1All forecast verifications in this report include the depression stage of the cyclone. National Hurricane Center verifications presented in these reports prior to 2003 did not include the depression stage.
|18 / 0000||29.1||66.2||1008||30||extratropical|
|18 / 0600||29.9||66.0||1008||30||"|
|18 / 1200||30.8||65.8||1008||30||"|
|18 / 1800||31.9||66.3||1007||30||"|
|19 / 0000||33.0||66.9||1007||30||"|
|19 / 0600||33.8||67.6||1006||35||"|
|19 / 1200||34.5||68.6||1006||35||"|
|19 / 1800||34.3||69.1||1006||35||"|
|20 / 0000||33.6||69.0||1005||40||"|
|20 / 0600||32.7||68.9||1003||40||subtropical storm|
|20 / 1200||32.0||68.2||1000||45||"|
|20 / 1800||31.7||67.3||998||45||"|
|21 / 0000||31.4||66.4||995||50||tropical storm|
|21 / 0600||30.6||65.8||995||50||"|
|21 / 1200||30.0||64.8||995||50||"|
|21 / 1800||29.4||63.1||994||50||"|
|22 / 0000||29.4||61.5||994||50||"|
|22 / 0600||29.5||60.1||994||50||"|
|22 / 1200||29.6||58.5||995||45||"|
|22 / 1800||29.7||56.6||996||45||"|
|23 / 0000||30.0||54.7||998||40||"|
|23 / 0600||30.6||53.0||1000||40||"|
|23 / 1200||31.4||51.5||1000||40||"|
|23 / 1800||31.9||50.6||1001||35||"|
|24 / 0000||32.1||49.6||1003||35||"|
|24 / 0600||32.0||48.7||1004||35||extratropical|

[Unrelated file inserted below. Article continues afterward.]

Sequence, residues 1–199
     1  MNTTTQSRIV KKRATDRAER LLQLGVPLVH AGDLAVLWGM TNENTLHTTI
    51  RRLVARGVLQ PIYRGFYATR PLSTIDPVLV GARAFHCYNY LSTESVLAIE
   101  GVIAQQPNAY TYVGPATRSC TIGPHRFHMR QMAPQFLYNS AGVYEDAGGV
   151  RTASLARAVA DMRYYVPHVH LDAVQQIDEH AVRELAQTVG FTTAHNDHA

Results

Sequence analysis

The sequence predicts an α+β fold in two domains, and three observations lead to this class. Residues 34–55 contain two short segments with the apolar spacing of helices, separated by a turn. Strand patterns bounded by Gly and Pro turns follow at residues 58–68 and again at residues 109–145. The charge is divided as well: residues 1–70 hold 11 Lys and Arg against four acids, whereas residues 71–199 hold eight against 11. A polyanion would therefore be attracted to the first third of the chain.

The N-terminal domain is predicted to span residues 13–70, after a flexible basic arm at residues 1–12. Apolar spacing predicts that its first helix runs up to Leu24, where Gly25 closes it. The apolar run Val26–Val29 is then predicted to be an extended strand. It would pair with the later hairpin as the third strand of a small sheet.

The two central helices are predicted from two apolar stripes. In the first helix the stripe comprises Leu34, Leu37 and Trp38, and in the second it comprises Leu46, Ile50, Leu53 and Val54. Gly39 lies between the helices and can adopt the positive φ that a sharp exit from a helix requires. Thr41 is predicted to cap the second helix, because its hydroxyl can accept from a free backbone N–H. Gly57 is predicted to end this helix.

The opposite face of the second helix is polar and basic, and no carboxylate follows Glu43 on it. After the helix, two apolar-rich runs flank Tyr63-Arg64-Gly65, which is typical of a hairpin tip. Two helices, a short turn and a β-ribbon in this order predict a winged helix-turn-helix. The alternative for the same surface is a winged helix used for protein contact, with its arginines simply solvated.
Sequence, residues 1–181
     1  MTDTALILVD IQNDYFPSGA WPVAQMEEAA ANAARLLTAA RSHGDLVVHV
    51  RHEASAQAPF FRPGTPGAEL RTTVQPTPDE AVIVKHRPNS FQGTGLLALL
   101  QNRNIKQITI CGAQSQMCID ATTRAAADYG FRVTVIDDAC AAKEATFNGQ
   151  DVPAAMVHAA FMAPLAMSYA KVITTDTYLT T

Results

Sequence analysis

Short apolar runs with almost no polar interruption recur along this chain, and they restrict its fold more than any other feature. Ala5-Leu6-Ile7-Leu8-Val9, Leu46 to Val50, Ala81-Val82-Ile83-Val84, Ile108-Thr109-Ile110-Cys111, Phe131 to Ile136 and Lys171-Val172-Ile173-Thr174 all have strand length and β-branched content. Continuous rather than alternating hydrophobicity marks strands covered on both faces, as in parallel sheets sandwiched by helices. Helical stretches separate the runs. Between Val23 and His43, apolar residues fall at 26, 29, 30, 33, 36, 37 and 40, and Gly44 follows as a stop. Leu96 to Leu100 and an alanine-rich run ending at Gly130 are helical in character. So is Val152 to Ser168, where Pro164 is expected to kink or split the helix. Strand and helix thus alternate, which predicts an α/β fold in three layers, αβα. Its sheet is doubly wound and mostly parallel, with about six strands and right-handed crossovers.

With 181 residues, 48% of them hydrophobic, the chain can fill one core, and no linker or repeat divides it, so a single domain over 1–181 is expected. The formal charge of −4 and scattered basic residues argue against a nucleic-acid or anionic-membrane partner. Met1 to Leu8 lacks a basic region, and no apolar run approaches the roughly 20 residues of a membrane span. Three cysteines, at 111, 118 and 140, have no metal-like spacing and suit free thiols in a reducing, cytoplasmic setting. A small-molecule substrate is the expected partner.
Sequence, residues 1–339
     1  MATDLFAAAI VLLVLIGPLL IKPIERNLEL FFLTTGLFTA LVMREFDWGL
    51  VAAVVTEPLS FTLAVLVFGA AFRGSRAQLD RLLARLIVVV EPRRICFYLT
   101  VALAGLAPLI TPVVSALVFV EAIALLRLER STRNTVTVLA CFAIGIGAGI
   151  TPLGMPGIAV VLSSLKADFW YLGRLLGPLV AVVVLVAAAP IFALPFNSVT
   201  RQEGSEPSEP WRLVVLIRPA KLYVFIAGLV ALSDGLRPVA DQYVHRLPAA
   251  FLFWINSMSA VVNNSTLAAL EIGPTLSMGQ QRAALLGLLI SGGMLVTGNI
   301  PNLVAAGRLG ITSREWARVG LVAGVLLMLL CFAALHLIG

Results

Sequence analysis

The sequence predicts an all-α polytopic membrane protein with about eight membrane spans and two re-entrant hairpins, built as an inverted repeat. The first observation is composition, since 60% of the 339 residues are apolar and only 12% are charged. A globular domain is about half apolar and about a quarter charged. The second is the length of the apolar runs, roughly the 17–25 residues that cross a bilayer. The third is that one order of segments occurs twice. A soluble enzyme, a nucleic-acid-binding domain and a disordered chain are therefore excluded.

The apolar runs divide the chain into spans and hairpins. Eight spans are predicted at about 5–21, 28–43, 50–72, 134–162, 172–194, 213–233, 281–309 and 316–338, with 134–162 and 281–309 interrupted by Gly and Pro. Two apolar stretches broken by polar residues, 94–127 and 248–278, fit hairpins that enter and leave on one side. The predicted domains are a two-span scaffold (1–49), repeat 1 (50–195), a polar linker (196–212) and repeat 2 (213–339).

|24 / 1200||31.8||47.8||1005||35||"|
|24 / 1800||31.5||46.6||1005||35||"|
|25 / 0000||31.5||45.4||1005||35||"|
|25 / 0600||31.6||44.2||1004||35||"|
|25 / 1200||31.7||43.1||1003||30||"|
|25 / 1800||31.8||42.1||1004||30||"|
|26 / 0000||31.9||40.8||1005||30||"|
|26 / 0600||32.3||38.4||1002||35||"|
|26 / 1200||32.9||35.6||1002||35||"|
|26 / 1800||33.6||32.8||1002||40||"|
|27 / 0000||34.4||29.2||1002||40||"|
|27 / 0600||35.3||25.8||999||40||"|
|27 / 1200||36.1||22.4||1000||40||"|
|27 / 1800||absorbed by frontal system|
|21 / 1800||29.4||63.1||994||50||minimum pressure|
|22 / 0000||29.4||61.5||994||50||"|
|22 / 0600||29.5||60.1||994||50||"|
Figure 1: Best track positions for Tropical Storm Ana, 20-24 April 2003.
Figure 2: Selected wind observations and best track maximum sustained surface wind speed curve for Tropical Storm Ana, 20-24 April 2003.Solid black bars denote wind ranges for the Hebert-Poteat subtropical cyclone technique. X's include surface winds from ships and the QuikSCAT scatterometer.
Figure 3: Selected pressure observations and best track minimum central pressure curve for Tropical Storm Ana, 20-24 April 2003.
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Page last modified: Wednesday, 26-Apr-2006 17:19:32 UTC